If you ask, “What is a bitcoin ATM?” you’re in good company. As cryptocurrencies like bitcoin enter mainstream daily life, you may want to find a bitcoin ATM to buy bitcoins and other cryptos by depositing cash.
A bitcoin ATM isn’t exactly the same as other automatic teller machines (ATM) with which you’re familiar. ATMs at your bank allow customers to withdraw cash, deposit checks, and cash, or transfer money between accounts at the bank. In contrast, a bitcoin ATM produces transactions on the blockchain and sends cryptocurrency transactions to a digital wallet, sometimes with the simple to use QR code.
What’s the Blockchain?
You’ve probably heard about blockchain and cryptocurrencies over the last decade, but what exactly is the blockchain? Simply explained, it’s record-keeping technologies that support bitcoin.
The blockchain is a kind of database but it differs from most in the way it stores data. The blockchain stores information in blocks that become linked together. As data arrives into the network, it’s entered into a new block. When a block is “filled,” it’s then chained to the prior block. In other words, data entered is linked in chronological order. Although different kinds of information may be stored in the blockchain, it’s most commonly used as a transactions ledger.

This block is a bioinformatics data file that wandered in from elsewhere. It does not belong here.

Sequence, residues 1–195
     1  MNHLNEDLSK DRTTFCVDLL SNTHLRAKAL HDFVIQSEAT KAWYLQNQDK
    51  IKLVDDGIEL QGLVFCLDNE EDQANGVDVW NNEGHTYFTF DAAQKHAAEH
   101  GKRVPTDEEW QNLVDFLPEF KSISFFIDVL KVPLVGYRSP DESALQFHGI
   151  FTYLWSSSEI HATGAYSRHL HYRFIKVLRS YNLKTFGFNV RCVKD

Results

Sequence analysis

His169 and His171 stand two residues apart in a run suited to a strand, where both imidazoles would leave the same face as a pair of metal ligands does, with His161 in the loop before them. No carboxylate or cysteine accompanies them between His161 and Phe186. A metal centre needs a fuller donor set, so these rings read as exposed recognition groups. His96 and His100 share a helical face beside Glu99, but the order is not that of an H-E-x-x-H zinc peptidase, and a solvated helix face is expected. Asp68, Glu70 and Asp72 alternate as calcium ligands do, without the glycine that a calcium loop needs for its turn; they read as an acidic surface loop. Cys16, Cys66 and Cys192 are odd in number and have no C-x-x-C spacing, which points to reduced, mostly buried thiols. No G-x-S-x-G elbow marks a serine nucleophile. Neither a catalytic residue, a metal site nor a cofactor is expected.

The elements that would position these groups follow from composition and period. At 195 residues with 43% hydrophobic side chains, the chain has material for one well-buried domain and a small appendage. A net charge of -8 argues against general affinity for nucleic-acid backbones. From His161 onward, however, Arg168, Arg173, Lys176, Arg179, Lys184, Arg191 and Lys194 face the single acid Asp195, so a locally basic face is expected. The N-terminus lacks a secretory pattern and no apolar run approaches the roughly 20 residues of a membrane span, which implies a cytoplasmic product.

Since blockchain is used to prevent one person or any group from controlling it, blockchain is collectively controlled. Once data is entered into the blockchain, it cannot be muted or reversed. This means that bitcoin transactions are permanent and available for anyone to see.
Bitcoin ATMs are a convenient way to buy or sell cryptocurrencies. They allow the user to bypass traditional bank networks. Cryptocurrencies continue to grow in value as more people use them. Digital assets are considered a viable asset class for investors, too. Increased availability of bitcoin ATMs is expected to continue as more people accept digital currencies.